3) About the article, that person’s view isn’t mine nor is her view implied by mine, so what she thinks is just irrelevant here. I certainly agree with you that no Christian should think as she does. I also agree that the Bible is our standard. The question is, “What does it mean to say the Bible is our standard?” Here’s a quick gloss for me as an inerrantist: if it contradicts the Bible, the Bible’s right. But that tells us nothing when the Bible is silent on a certain issue. I certainly don’t think we should say that if it’s not in the Bible, it’s not true (or at least that we can’t know it)–which is just the Methodological Claim all over again. And to that, I’d just give the replies I gave in this post.

    About the St. Louis and plumber examples, the way we ought to proceed is to test them by what we already know, like we do for any other claim about anything. What we know in the St. Louis case is that these peoples’ teaching contradicts Scripture and experience. In the plumber case, the supposed revelation contradicts our moral knowledge, in addition to Scripture. It’s ironic that both Scripture and extrabiblical sources of knowledge adjudicate these examples.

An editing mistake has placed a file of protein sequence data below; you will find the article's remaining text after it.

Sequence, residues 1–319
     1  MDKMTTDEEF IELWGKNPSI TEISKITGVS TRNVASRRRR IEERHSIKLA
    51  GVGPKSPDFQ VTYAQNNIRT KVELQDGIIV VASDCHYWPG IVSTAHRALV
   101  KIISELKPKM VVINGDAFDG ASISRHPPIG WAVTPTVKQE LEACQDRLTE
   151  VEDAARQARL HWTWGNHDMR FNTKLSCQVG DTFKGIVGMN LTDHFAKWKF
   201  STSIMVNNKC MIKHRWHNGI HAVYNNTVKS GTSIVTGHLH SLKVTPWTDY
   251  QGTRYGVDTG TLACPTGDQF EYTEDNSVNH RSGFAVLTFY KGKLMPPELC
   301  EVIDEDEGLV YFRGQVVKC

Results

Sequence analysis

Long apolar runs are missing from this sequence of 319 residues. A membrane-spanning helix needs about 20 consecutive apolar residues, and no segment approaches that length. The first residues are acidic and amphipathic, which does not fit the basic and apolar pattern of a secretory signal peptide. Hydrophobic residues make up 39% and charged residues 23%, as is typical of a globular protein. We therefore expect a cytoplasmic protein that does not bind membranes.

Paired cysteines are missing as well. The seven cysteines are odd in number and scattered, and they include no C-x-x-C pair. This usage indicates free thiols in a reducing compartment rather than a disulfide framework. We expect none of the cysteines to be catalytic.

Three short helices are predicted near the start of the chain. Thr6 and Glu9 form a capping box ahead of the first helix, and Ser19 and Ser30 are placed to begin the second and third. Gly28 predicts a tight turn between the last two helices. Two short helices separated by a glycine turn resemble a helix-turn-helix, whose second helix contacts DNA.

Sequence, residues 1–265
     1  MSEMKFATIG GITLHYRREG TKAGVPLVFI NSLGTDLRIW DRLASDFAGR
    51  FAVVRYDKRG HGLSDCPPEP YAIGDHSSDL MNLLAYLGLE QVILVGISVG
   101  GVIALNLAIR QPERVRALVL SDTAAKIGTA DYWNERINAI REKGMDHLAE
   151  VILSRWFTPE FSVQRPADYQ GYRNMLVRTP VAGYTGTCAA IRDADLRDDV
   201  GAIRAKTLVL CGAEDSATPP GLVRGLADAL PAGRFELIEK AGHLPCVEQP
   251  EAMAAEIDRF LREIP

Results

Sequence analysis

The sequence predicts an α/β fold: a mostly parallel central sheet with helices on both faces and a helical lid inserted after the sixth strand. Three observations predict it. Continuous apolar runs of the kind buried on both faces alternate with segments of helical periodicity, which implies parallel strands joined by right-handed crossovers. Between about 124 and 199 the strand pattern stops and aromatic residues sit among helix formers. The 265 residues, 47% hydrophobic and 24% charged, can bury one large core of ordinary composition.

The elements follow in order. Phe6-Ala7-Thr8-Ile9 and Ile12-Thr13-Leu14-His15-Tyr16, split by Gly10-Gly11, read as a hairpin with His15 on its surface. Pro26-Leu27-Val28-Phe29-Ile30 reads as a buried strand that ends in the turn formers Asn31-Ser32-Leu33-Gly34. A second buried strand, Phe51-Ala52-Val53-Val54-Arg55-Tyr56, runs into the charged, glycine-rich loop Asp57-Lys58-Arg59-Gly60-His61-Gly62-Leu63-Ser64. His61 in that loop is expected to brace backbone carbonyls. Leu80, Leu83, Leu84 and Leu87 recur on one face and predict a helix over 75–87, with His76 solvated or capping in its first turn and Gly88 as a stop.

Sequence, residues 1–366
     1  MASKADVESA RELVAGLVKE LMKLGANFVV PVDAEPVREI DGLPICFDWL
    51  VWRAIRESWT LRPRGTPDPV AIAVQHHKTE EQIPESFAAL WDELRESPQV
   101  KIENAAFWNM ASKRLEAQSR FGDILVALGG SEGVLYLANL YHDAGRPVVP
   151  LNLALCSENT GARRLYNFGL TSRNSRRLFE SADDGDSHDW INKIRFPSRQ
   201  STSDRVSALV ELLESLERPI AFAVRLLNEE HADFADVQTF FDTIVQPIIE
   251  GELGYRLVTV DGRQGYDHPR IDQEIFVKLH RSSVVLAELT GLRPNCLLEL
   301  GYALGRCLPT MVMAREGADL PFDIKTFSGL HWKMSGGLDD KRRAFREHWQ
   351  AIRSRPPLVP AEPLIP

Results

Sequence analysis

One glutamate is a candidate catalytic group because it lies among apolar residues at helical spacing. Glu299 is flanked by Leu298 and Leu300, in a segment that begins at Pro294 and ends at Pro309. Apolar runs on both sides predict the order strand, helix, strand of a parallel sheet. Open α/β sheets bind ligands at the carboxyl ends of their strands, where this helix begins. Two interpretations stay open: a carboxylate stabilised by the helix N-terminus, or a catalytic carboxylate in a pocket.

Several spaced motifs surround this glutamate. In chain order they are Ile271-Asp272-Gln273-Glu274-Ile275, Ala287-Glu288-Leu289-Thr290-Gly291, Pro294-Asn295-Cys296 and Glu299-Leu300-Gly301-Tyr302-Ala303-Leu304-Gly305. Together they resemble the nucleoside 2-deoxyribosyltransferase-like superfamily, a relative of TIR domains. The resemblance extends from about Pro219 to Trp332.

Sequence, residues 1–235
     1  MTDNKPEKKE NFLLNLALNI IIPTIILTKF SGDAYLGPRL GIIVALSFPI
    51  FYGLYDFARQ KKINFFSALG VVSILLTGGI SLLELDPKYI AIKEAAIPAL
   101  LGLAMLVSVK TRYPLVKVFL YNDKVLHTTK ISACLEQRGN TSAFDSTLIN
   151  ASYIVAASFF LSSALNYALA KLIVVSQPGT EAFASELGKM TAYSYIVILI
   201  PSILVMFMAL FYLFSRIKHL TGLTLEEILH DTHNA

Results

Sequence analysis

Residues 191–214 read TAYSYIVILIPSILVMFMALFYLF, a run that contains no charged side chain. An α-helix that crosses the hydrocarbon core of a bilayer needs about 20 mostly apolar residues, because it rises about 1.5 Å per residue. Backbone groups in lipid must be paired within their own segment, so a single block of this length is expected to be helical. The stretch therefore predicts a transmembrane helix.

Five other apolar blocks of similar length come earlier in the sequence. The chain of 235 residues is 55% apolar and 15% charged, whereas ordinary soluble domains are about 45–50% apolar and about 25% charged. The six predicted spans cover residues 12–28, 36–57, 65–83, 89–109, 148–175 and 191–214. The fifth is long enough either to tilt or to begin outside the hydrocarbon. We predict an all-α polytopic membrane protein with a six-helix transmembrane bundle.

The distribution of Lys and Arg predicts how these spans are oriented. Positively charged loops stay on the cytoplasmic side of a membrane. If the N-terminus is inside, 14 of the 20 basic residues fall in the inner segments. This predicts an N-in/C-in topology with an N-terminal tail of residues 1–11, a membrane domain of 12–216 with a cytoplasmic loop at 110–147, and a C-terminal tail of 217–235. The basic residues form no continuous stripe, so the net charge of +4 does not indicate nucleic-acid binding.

I really appreciate the thought you’ve put into this, but I don’t think such scenarios spell any trouble for extra-biblical theological and moral knowledge at all, as if conceding that there are other sources of knowledge of these things somehow leads to the inability to distinguish truth from falsehood in these areas. I don’t think it does, and I think I’ve defended that idea reasonably well. If you’re interested in further reading. JP Moreland wrote on this in a paper delivered at an Evangelical Theological Society meeting several years ago. It received some flak initially because people only read the title, caricatured it, etc., without having read it. The title is deliberately provocative, but that’s just to pique people’s interest in it. Check it out and see what you think. Find it at http://www.kingdomtriangle.com/discussion/moreland_EvangOverCommBible.pdf

  9. Thank you for this- where do I find part 3?

  10. Timothy Bayless says:

    Hi Kevin,

    Thanks for reading. You can find all the posts thus far here.